While you can’t exempt your employee from every task in the role because they favor one thing over another, you are more aware of how rich your existing talent pool is in your organization and can utilize your talents effectively.

    8. “What do you consider your weakness?”

    Why should you ask a candidate what his or her weakness is when all you want is someone perfect?

    Admitting a weakness shouldn’t automatically disqualify a candidate. Rather, it reveals to you how self-aware the candidate is.

    Self-awareness is essential to personal and professional development, and this is sometimes a precursor to how self-directed a person is regarding their career goals.

    There are arguments about the need to abolish the weakness question from interviews because it reduces candidates’ accomplishments. I disagree.

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    Asking employees about weaknesses lets you understand your employees better so you can not only create a work environment that is smart, you’re able to design professional development programs that can strengthen these weaknesses.

    9. “What will you find challenging about this position?”

    Maybe you don’t want to ask the ”weakness question.” Maybe you’re more concerned about the capacity to perform in the current job rather than their job history.

    Still, you want to know if you have a creative problem solver and how they feel about potential problems when they arise. You also want to anticipate how your employees will adjust to their roles once they are successfully hired. Self-awareness about one’s ability and limits can be observed by asking this question during an interview.

    Note: This question should never be asked with a malicious intent. Exceptional employees come with flaws and this should be expected. They key is knowing whether the successful candidate is willing to be a problem solver.

    10. “What additional support will you need during your transition?”

    This is a very important question during the interview question because not only is the labor market diverse, the response to this question can be used to develop the orientation process and additional training materials.

    As a mentor to newer nurses, this is a question I repeat more than 50 percent of the time during the orientation period. The responses I get provide me with insights into what employees really consider as constraints so that I can make their transition as smooth as possible.

    11. “What qualities do you desire in a leader or manager?”

    Not everyone desires a manager who provides direction while giving you free rein to make your job your own. At the same time, some employees might prefer a manager who is detail-oriented and provides all the answers.

    Knowing this before a candidate is hired can prevent conflict arising from differences in communication or management styles.

    12. “What do you do if you don’t agree with your manager’s decisions?”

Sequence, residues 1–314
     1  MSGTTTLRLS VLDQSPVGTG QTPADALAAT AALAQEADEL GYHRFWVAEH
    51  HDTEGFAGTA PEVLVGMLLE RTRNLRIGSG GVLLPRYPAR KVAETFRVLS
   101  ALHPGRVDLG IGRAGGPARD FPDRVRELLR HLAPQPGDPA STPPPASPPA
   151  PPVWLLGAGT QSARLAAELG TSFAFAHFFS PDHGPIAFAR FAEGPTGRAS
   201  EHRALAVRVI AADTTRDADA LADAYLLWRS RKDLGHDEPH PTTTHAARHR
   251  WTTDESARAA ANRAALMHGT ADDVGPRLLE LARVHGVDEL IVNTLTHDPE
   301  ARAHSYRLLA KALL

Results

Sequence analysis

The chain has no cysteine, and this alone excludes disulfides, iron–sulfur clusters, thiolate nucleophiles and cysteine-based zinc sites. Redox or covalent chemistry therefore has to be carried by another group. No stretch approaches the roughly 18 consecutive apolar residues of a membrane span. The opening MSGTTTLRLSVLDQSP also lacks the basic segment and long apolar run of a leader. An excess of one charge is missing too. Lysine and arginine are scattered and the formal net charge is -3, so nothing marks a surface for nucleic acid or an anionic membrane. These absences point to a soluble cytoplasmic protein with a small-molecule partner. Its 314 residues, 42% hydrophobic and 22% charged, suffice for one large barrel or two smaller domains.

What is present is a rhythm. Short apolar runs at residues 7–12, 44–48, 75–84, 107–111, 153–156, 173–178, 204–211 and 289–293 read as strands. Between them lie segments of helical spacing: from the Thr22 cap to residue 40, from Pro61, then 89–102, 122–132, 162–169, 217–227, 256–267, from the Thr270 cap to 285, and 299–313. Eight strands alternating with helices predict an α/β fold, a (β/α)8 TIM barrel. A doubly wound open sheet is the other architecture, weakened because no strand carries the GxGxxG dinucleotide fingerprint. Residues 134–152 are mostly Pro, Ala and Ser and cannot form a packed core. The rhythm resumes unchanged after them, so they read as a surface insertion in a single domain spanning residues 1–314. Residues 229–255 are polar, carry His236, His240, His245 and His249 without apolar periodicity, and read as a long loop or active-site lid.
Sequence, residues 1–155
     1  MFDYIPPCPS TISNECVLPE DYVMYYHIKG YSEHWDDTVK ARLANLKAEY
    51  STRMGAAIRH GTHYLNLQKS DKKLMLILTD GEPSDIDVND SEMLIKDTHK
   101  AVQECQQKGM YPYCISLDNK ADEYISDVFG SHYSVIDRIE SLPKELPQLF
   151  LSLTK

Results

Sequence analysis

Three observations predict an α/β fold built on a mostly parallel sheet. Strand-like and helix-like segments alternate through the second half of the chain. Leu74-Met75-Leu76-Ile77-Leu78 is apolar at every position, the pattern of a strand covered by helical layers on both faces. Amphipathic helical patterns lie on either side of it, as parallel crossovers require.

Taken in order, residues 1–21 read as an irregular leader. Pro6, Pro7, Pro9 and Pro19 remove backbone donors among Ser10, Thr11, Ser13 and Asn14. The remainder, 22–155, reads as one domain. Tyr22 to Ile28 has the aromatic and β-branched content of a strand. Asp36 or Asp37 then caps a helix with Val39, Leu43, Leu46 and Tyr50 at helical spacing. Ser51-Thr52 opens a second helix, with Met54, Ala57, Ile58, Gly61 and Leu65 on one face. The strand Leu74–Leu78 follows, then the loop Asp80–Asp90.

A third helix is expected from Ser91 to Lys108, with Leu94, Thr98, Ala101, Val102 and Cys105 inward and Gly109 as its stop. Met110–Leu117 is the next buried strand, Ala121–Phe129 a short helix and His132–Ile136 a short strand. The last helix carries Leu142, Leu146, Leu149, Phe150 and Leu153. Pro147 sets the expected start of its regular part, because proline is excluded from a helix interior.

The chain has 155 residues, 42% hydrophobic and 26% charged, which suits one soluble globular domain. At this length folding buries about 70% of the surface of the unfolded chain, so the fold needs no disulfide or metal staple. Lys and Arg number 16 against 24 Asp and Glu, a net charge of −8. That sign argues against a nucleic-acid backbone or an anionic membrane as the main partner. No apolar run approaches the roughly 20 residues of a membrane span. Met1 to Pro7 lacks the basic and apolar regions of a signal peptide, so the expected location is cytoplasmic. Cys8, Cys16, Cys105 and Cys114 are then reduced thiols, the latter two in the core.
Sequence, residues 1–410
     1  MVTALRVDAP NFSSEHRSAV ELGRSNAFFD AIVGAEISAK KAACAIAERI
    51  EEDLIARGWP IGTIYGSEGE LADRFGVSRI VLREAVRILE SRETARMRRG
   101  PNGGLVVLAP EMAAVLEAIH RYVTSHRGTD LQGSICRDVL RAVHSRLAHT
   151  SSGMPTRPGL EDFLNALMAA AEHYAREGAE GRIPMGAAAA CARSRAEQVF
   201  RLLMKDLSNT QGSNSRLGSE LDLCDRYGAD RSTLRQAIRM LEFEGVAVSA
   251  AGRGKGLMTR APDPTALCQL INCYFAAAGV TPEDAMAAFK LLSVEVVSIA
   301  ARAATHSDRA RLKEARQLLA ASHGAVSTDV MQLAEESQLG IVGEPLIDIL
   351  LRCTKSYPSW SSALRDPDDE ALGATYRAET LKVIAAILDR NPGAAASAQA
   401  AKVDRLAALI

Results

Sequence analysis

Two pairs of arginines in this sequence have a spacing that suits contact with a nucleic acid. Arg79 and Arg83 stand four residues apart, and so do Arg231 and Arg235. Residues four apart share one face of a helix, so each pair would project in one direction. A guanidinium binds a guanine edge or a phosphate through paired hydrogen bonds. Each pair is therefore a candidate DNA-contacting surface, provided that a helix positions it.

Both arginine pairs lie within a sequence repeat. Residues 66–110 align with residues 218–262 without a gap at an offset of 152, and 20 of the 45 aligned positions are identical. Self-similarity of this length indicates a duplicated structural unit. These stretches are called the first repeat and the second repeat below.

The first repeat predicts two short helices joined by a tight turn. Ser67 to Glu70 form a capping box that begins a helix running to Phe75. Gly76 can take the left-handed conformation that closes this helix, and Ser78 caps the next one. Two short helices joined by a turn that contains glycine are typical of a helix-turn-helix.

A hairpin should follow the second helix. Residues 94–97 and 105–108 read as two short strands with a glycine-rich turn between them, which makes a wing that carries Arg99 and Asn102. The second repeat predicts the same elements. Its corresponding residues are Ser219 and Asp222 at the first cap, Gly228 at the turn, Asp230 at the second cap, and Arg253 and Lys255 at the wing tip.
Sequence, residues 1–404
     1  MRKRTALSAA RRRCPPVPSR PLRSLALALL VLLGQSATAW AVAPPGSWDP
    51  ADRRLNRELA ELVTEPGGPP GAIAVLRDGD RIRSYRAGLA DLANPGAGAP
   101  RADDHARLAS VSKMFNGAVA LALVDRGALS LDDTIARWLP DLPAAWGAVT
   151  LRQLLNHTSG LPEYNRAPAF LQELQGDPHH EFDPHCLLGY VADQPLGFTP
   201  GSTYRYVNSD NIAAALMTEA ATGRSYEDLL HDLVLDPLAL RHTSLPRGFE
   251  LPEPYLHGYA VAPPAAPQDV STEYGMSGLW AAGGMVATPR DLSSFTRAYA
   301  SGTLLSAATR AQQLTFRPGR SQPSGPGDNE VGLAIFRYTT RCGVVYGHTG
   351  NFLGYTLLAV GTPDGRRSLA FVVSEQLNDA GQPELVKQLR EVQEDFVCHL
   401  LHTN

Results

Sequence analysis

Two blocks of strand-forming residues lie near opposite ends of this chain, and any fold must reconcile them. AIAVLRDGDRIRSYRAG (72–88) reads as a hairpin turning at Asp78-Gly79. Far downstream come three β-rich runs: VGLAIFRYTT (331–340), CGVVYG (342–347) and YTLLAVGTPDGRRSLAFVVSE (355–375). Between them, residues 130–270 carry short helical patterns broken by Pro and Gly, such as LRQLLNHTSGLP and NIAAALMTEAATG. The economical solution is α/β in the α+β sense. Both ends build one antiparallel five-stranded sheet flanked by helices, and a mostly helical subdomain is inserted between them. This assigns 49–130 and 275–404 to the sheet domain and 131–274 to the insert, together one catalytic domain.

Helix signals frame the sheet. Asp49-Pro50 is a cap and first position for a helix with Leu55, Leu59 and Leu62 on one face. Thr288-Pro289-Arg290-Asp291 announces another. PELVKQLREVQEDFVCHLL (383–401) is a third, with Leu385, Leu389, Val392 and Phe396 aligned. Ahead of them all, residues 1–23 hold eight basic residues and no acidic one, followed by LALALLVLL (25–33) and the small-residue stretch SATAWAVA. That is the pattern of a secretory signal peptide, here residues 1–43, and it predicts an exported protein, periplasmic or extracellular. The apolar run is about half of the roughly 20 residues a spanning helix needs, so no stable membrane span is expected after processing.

Conflict not only happens between employees. According to a study of conflict in the Canadian workforce,[2] about 81 percent of people leave the organization as a result of conflict.

    The purpose of this question is to determine how adaptable an employee is to different communication styles, what they consider deal breakers, and how they model desired behavior when conflict arises.

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    The responses to this question allows you to manage expectations and an indication for leaders to continuously work on their communication and conflict management skills.

    13. “What would make this company an amazing place to work?”

    Maybe you can’t provide free lunches or paid hours of free time at work like bigger companies. But answers to this question can reveal a lot about what employees think is crucial to well-being.

    In a study of nearly 17,000 employees,[3] it was noted that an increase in stress level is directly correlated to workplace injury. While this interview won’t eradicate organizational constraints or stressors, feedback from candidates and employees on what makes a company a great place to work is the perfect place to start.

    14. “What other questions do you have for me?”

    Although this is a conversation to determine the best fit for your team, company, or organization, the interview goes both ways. Yes, you are also being scrutinized by your interviewee.

    The purpose of this question is to create space to answer the candidate’s questions about your organization. You also get to provide insight on processes, expectations, team culture, and information that isn’t readily available on the company website.

    15. “Tell me about yourself”

    If everything else seems too much, lead with this timeless question. You simply cannot go wrong here.

    Sometimes, the best answers come from open-ended queries. This is your best chance to know the candidate’s history, career accomplishments, and get a feel for their career goals all at the same time.

    It is less intrusive and leading with this question makes it easier to approach other questions––depending on how sensitive the position is.

    The Bottom Line

    Conversation is a two-way street. Good questions can give you great insights into the value an employee can bring to your company. But there is an art and science to asking questions.

    While you won’t become an expert right off the bat, these questions provide a good foundation to start from if you want to attract and retain top talent in your organization.

    More Resources About Job Interview

    Featured photo credit: Drew Beamer via unsplash.com

    Reference